Birth Blog

The Incredible Hormones of Labor

by Julia West on June 27, 2013

During labor, the body naturally releases some incredible hormones to assist in the birth process that can provide a mother with physical, emotional and mental benefits to support a smooth delivery. Here is a brief explanation of four of those hormones:


This is a natural pain-killer. It promotes feelings of pleasure, euphoria and dependency. It reduces the effects of stress for both mamas and babies. Elevated levels of beta-endorphin support mother-baby interactions, including breastfeeding; it is even present in breastmilk. It contributes to mothers and babies feeling ecstatic after birth. (1)


These are the “fight-or-flight” hormones produced by the body in response to stress. These have been shown to slow or inhibit labor if a woman feels threatened by her environment. This is an animal instinct that helps a mother protect her young. For example, if a deer goes into labor in the wild, but senses a hunter nearby, she can stop her labor and move to safety. Women can have the same reaction- yes, the cervix can actually begin to close!- if she senses danger. The level of catecholamines increases and peaks right at the end of labor, giving mother a rush of energy and strength to push her baby out. (1)

Baby also has elevated levels of catecholamines as he feels pressure on his head from pushing on the cervix. This protects baby from a shortage of oxygen. According to The Complete Book of Pregnancy and Childbirth, a baby has an oxygen deficiency similar to that of a sprinter after a run, but he is able to cope with the oxygen deprivation better than adults, due to his catecholamine levels. Catecholamines also improve baby’s altertness and dilate his pupils so he can fix his gaze on his mama and respond to her, and so catecholamines are part of the bonding process for moms and babies. (2)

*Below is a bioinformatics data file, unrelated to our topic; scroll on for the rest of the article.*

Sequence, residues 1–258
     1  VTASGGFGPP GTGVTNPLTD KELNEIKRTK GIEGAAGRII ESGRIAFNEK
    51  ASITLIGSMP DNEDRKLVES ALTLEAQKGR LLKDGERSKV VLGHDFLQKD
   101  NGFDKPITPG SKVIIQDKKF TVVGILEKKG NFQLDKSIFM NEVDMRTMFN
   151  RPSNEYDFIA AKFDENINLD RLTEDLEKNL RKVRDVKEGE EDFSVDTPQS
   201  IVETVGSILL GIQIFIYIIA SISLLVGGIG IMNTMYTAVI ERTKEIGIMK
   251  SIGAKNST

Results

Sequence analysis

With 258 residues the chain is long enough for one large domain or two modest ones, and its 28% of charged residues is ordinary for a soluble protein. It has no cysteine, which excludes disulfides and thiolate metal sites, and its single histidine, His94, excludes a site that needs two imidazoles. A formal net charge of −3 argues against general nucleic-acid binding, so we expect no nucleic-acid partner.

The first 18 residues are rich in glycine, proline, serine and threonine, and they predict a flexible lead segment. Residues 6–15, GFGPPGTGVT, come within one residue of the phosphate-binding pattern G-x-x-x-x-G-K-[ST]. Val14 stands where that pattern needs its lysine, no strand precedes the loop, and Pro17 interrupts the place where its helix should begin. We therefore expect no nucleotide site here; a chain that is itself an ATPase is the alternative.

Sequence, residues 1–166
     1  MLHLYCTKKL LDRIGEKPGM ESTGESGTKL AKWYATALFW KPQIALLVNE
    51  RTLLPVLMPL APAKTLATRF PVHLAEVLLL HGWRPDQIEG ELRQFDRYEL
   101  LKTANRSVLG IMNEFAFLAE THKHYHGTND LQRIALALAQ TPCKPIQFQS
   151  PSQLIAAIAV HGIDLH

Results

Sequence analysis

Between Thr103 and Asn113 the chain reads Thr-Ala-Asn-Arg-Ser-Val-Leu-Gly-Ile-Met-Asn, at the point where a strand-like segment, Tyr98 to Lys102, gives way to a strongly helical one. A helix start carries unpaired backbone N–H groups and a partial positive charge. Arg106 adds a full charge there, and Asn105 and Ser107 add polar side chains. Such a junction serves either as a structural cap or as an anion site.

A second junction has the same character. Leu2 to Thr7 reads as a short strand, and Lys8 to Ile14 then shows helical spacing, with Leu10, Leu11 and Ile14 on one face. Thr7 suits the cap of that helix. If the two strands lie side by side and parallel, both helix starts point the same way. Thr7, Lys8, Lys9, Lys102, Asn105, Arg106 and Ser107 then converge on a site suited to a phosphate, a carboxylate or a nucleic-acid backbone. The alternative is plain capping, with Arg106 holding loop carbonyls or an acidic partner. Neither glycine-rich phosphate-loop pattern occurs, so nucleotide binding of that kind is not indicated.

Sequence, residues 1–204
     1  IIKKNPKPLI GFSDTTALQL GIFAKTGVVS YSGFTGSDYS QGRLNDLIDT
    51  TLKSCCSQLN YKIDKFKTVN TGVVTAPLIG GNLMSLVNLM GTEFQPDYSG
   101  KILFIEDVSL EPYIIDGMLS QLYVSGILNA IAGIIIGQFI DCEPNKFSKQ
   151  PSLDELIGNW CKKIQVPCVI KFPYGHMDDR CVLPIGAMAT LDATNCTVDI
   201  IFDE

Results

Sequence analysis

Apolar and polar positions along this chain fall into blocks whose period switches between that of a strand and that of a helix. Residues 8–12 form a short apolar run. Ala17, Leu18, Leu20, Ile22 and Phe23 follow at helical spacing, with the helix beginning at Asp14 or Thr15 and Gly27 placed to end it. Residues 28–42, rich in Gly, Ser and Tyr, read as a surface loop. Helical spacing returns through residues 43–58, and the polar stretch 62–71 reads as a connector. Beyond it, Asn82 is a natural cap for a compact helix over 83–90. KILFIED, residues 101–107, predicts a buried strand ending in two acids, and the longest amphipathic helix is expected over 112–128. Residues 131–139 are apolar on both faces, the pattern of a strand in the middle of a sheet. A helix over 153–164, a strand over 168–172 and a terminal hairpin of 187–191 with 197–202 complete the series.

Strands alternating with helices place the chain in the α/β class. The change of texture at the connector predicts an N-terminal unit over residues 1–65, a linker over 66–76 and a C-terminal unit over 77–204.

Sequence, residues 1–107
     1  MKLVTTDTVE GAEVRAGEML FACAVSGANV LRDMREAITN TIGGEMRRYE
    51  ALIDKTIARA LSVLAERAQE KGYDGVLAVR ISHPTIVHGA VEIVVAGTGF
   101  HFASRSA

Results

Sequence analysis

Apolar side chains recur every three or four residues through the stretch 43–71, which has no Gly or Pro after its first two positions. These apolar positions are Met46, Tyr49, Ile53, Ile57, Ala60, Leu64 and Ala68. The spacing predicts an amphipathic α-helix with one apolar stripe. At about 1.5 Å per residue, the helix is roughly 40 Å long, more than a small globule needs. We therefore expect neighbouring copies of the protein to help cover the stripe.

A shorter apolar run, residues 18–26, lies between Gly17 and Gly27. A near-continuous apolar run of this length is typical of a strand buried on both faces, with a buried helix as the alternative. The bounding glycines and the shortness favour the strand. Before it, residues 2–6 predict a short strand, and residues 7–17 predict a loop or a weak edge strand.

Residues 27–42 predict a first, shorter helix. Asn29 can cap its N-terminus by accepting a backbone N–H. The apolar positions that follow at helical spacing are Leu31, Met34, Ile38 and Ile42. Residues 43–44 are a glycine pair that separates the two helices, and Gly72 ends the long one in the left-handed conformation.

This is known as the “love hormone” and is the most powerful hormone for stimulating uterine contractions. When a woman feels pain, her brain is signaled to release oxytocin into her system. (One of the many ways to view the pain of labor as having a purpose!) Oxytocin is also released during nipple stimulation (which can help naturally bring on or encourage labor) and so mother feels a healthy flood of oxytocin each time she nurses her babies. It enhances nutrient absorption and conserves energy, which can help mothers feels relaxed or even sleepy. Oxytocin has been shown to reduce blood pressure. At the moment of birth and in the moments after birth, a mother’s system is flooded with oxytocin, which encourages her motherly instincts of protection over her baby and even mimics feelings of “addiction” in the brain. (1) During breastfeeding, oxytocin signals the “letdown reflex,” for milk to be released.


Prolactin is another stress-relieving hormone that promotoes surrender. It helps a mother put her baby’s needs before her own. In fact, even fathers-to-be have been shown to have elevated levels of prolactin just before their baby’s birth. Prolactin is vital to breastfeeding, as it prepares mother’s body for lactation during pregnancy and signals the production of milk at the end of pregnancy. Prolactin also helps alter a mother’s sleep patterns, to be able to wake more often to tend to a new baby’s needs.

These hormones work to balance each other and each plays a unique and important role in birth for both mothers and babies. When a mother is comfortable in her environment and can birth without interruption, she and her baby can receive normal doses of these hormones and use them to their full potential!


(1) Gentle Birth, Gentle Mothering by Sarah Buckley, MD
(2) The Complete Book of Pregnancy and Childbirth by Sheila Kitzinger

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